Gender Equality in the Workplace

In March 2011, the Government announced a package of reforms to the Equal Opportunity for Women in the Workplace Act 1999 (the Act) and the Equal Opportunity for Women in the Workplace Agency (the Agency). These reforms follow a review in 2009-2010 and the Government's subsequent commitment to improve and retain the Act and the Agency. Under the reforms, the Agency will receive an additional $11.2 million over four years, almost doubling its existing resources.

The key elements of the reform are:

  • Modernising the coverage of the Act to better reflect the goal of gender equality so that it:
    • encompasses women and men, particularly in relation to caring responsibilities
    • explicitly refers to pay equity
    • requires employers to report on the gender composition of their boards
    • enables smaller organisations (less than 100 employees), which will continue not to be formally required to report, to access the Agency's advice, education and incentive activities.
  • Stronger, fairer and more effective compliance measures.
  • Enhancing the role of the Agency in providing support, advice and assistance to business and industry.
  • Importantly, streamlining and refocusing the existing reporting requirements on outcomes, to reduce the paperwork burden on business, and ensure real progress towards gender equality for men and women in the workplace.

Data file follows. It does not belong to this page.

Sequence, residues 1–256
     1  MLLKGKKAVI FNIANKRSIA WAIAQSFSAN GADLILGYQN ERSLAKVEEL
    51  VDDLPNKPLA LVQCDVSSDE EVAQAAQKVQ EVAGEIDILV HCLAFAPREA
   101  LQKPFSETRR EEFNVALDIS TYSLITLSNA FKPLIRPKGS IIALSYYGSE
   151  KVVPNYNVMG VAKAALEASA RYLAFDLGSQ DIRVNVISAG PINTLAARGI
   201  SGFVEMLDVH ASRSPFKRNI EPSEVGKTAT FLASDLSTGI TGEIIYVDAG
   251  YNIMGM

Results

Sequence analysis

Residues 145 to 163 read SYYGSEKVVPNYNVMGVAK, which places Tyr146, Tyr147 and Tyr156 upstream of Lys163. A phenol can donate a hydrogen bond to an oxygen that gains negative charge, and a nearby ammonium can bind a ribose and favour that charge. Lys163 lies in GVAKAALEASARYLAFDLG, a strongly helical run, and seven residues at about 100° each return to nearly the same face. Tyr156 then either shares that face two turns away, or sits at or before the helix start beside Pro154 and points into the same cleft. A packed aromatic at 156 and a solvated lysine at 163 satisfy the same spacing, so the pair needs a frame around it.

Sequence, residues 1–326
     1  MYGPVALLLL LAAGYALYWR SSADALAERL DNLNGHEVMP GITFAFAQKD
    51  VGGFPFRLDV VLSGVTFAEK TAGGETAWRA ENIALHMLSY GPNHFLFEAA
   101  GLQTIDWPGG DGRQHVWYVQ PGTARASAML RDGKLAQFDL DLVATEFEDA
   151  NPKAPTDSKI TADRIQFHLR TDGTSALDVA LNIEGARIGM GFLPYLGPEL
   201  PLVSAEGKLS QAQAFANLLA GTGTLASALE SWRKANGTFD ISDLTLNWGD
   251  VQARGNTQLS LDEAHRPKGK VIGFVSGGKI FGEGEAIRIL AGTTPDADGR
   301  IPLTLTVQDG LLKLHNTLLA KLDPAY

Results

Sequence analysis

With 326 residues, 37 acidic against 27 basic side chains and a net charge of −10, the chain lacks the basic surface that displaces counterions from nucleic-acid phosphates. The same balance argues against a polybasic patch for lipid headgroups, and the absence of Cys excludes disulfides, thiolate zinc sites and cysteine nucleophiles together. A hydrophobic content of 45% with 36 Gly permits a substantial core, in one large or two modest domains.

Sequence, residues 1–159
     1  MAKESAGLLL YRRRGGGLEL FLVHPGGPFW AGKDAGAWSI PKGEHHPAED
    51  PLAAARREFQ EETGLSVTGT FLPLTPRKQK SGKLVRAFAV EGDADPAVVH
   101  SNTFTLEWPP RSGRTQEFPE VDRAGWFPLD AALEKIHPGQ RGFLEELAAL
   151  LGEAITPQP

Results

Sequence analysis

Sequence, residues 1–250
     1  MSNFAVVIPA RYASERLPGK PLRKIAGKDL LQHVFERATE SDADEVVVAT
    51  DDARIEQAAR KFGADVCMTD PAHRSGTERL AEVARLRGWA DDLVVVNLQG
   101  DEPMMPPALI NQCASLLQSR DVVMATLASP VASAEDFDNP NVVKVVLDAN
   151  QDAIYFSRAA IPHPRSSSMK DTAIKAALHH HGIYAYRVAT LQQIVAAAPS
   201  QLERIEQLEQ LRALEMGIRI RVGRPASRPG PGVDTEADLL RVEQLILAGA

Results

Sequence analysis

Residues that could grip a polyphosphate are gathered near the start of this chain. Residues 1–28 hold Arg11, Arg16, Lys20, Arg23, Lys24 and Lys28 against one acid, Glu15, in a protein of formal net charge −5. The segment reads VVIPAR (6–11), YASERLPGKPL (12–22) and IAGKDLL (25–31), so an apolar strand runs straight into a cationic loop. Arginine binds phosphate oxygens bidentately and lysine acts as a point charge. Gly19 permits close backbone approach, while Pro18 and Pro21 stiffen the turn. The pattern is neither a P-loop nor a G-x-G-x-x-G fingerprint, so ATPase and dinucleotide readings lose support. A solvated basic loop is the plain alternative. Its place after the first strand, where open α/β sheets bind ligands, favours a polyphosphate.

Reforms to the Equal Opportunity for Women in the Workplace Act 1999 are now being developed and will be introduced into Parliament this year. The Government is working with business and other key stakeholders during each step of the reform process. For more information, go to: FaHCSIA website.


Early childhood education and care

Child care is essential in enabling parents who are primary carers of children, often women, to enter and remain in the workforce. The Australian Government is investing over

$20 billion over four years in its agenda for early childhood education and child care. This agenda focuses on providing Australian families with high-quality, accessible and affordable integrated early childhood education and child care.

Child Care Reform Agenda Workforce Package

Building the capacity of the early childhood workforce will support the successful delivery of the existing early childhood reform agenda, including the introduction of the National Quality Framework for Early Childhood Education and Care services and the delivery of universal access to early childhood education.

Through the 2011-2012 Budget, the Australian Government will invest $9.7 million over four years in the Child Care Reform Agenda Workforce Package to support early childhood education and care workers by:

  • improving the quality and uptake of Recognition of Prior Learning (RPL)
  • examining the extent to which nationally consistent mental health and wellbeing competencies are included in both Higher Education and VET early childhood education and care qualifications.

This Package aims to build the capacity of existing early childhood education and care workers and will be particularly important for women, who represent 95.4 per cent of the early childhood workforce.10 This measure will encourage more workers to upgrade their qualifications.

Introduction of Fortnightly Payments of Child Care Rebate